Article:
Wednesday 20 June, 2012

Luke 4:14-30

14 Jesus returned to Galilee in the power of the Spirit, and news about him spread through the whole countryside. 15 He was teaching in their synagogues, and everyone praised him. 16 He went to Nazareth, where he had been brought up, and on the Sabbath day he went into the synagogue, as was his custom. He stood up to read, 17 and the scroll of the prophet Isaiah was handed to him. Unrolling it, he found the place where it is written: 18 “The Spirit of the Lord is on me, because he has anointed me to proclaim good news to the poor. He has sent me to proclaim freedom for the prisoners and recovery of sight for the blind, to set the oppressed free, 19 to proclaim the year of the Lord’s favor.”[a] 20 Then he rolled up the scroll, gave it back to the attendant and sat down. The eyes of everyone in the synagogue were fastened on him. 21 He began by saying to them, “Today this scripture is fulfilled in your hearing.” 22 All spoke well of him and were amazed at the gracious words that came from his lips. “Isn’t this Joseph’s son?” they asked. 23 Jesus said to them, “Surely you will quote this proverb to me: ‘Physician, heal yourself!’ And you will tell me, ‘Do here in your hometown what we have heard that you did in Capernaum.’” 24 “Truly I tell you,” he continued, “no prophet is accepted in his hometown. 25 I assure you that there were many widows in Israel in Elijah’s time, when the sky was shut for three and a half years and there was a severe famine throughout the land. 26 Yet Elijah was not sent to any of them, but to a widow in Zarephath in the region of Sidon. 27 And there were many in Israel with leprosy[b] in the time of Elisha the prophet, yet not one of them was cleansed—only Naaman the Syrian.” 28 All the people in the synagogue were furious when they heard this. 29 They got up, drove him out of the town, and took him to the brow of the hill on which the town was built, in order to throw him off the cliff. 30 But he walked right through the crowd and went on his way.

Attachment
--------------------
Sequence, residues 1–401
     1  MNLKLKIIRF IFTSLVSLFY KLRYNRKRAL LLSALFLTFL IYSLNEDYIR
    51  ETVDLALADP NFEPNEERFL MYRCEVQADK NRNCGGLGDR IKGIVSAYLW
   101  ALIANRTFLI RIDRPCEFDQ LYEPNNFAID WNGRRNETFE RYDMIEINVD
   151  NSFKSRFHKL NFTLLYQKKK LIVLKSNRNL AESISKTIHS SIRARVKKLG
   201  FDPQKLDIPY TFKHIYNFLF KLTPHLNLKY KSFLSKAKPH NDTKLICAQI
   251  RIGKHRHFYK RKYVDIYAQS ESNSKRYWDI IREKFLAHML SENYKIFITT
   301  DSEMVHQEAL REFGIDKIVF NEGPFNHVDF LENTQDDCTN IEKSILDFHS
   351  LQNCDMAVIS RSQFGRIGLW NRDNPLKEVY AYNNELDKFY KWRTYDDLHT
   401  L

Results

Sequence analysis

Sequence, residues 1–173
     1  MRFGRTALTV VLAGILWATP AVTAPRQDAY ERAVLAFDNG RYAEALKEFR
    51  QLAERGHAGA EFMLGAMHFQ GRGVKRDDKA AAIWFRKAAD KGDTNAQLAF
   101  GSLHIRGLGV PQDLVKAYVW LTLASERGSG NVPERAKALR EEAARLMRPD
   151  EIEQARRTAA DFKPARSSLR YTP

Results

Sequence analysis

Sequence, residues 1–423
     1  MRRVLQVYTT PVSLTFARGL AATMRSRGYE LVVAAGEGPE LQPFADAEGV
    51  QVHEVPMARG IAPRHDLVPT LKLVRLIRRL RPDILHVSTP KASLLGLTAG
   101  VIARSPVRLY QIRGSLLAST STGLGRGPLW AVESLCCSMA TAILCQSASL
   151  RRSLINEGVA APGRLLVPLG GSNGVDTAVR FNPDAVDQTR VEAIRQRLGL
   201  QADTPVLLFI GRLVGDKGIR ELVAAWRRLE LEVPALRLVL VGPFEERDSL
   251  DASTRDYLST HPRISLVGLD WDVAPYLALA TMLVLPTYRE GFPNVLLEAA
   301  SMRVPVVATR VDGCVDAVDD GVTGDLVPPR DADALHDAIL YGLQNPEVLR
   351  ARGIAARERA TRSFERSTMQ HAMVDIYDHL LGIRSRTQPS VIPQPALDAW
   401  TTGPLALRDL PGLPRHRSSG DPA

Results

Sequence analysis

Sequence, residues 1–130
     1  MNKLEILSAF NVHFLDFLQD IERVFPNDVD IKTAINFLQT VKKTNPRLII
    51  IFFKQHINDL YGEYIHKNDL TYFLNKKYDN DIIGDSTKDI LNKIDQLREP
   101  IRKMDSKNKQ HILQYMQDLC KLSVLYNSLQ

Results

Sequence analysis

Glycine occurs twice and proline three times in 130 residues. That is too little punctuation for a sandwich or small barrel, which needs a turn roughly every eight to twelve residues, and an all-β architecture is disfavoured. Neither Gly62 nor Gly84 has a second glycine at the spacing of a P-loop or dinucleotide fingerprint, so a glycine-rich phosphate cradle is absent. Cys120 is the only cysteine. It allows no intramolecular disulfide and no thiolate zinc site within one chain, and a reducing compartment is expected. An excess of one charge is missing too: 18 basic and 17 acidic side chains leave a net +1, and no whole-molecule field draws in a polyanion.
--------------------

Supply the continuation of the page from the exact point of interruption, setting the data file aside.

What an extraordinary story.

Luke has described Jesus origins: the Son of God, announced by angels, conceived of the Holy Spirit, promised to Abraham, foretold by the prophets; and Jesus called the Son of Joseph, descended from David (and heir of his promises), but also the son of Adam, the second Adam who would put right what Adam made wrong. It’s essential that he is both. But the people of his home town can’t see how can he be the fulfilment of prophesy and the son of Joseph they think they know.

They’ve heard of his teachings and the miracles he has done in Capernaum. Jesus reads from Isaiah and tells them that the law (“year of Jubilee” from Leviticus when slaves are set free and debts cancelled) and the prophets are fulfilled in their presence. This is one of those times when the threads of God’s plans coming together in a way that sends a tingle down my spine. And yet these people think they know Jesus. They can’t see past their preconceptions that he’s just Joseph’s son.

Jesus sees into their hearts (as he often does) and sees their disbelief: they want to see proof, they want to see a miracle. They are wrong on so many levels. God is not subject to our judgement, we are subject to His. God gives blessing where He chooses, not where we demand.

They are so outraged at his suggestion that they would reject him that they not only reject him, they try to kill him: an extraordinary reaction.

So do I rush off with what I think I know and fail to hear what God is saying? Do I expect God to support my expectations, or do I change my thinking (repent) to align with his?

Written by David Cornell

1 (reply)
  1. Richard Botta says:

    David, love it great thoughts. I’m praying like you I hear his voice loud & clear today & everyday.

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Tuesday 19 June, 2012

Luke 4:1-13